How to Pinpoint Market Turns Before They Occur
Predicting when a market is about to change directions is one of the most difficult things a trader can attempt to do. However, there are some telltale signs that will appear as the markets get ready to change trends. This will be the case no matter if it is a simple intermediate pullback, or an actual overall trend change.
One of the most common things to look for is a trend line break. The biggest problem that most traders have with trying to use a trend line break is the fact that they have no idea what time frame to use. Quite often, I will see traders talk about the trend changing on an hourly chart. This isn't the trend, but rather what the market is doing in the very short-term. A trend is something that takes time to build, and something that almost everybody on the planet can see as they look at the overall markets. What happened over the last 50 pips is hardly worth getting bothered by.
One of the best time frames that I have found over the years to draw trend lines on the weekly time frame. This doesn't necessarily mean the unique trade weekly chart, but rather is a great way to differentiate between what the trend is and isn't. Simply put, as with all things technical analysis related, the higher the time frame, the more important it is. This is because it takes more trades and therefore more emotional input to affect how price moves on a weekly chart as opposed to a chart that is based on the half an hour time frame. It just takes more volume, and then of course is what you can use to measure whether or not it's true market sentiment.
Because of this, when you see a trend line break on the weekly charts, it should catch your attention. With this being said, there are other things that you can look at in order to predict a market turn.
Although I am not a big fan personally of moving averages, I am always aware of where a few of them are on the charts. If you are on the daily chart, you should be aware of where the 200 day exponential moving average is currently situated. This is because a lot of former stock traders tend to get into Forex markets, and as such they pay attention to the 200 day moving average because it represents the amount of trading days during the year. (The stock market trades 200 days a year, and although Forex markets actually trade 5 1/2 days a week which of course isn't 200 is year, this large group of people seems not to care.)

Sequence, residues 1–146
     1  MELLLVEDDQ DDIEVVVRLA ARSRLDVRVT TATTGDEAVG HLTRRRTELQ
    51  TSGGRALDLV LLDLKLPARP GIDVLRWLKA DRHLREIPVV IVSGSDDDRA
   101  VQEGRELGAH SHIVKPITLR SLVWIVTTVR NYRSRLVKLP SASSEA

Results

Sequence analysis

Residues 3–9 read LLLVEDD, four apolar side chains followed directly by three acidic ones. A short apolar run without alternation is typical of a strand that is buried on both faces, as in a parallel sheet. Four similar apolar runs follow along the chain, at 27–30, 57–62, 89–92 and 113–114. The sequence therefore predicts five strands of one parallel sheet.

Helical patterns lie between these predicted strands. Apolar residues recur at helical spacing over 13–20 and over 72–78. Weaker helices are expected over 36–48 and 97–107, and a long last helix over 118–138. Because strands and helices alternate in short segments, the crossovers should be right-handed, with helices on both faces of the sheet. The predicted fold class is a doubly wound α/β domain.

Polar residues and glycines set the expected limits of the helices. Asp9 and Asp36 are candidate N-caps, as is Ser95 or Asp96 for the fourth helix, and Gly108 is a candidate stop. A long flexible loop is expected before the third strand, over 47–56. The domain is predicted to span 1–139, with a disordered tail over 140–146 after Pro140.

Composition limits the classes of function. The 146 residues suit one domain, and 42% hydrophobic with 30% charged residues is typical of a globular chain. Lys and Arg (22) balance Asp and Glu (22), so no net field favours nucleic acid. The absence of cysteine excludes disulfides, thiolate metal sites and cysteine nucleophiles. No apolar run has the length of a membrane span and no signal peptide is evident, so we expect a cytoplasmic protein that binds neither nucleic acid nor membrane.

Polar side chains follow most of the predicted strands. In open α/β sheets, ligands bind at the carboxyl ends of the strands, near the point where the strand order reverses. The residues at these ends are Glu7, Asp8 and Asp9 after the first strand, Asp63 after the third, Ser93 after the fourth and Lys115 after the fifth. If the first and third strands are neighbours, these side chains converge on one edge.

The 200 day moving average doesn't move very quickly, so that being said: price doesn't typically sliced through very often. If you see a sudden impulsive move through the 200 day moving average, you can bet your bottom Dollar that somebody else's seen it too. This is exactly the kind of move that you need to take advantage of as you need other market participants to step in and give you a hand.
There's also something known as the "one, two, three pattern." Simply put, this means that a market may pullback from an ongoing trend, and that would be what you would consider the "one" of the pattern. The "two" of the pattern is a continuation of the overall trend that does not make it as far as the initial search does. In other words, this means that they failed to make a higher high or lower low depending on the direction. The "three" of the pattern is when they pullback from the overall trend even farther than they did the first time. In other words, if we were in an uptrend and had a pullback, the second leg wouldn't go as high as the initial search, and the third leg would go lower than the original pullback. This would show that momentum was not only waning, but the sellers were starting to take over.
Just make sure it's obvious
One of the biggest mistakes that Forex traders seem to get sucked into is the idea that you have to be constantly different than the herd. I cannot think of a more dangerous bit of advice as far as trading is concerned. You do not have the volume nor the capital to move the markets yourself, and as such you need the rest of the market participants to play along with you. This is why I like to use obvious clues and setups that are so blatantly obvious that the entire world is paying attention to them. I don't want to be the sneakiest trader in the room, just a profitable one.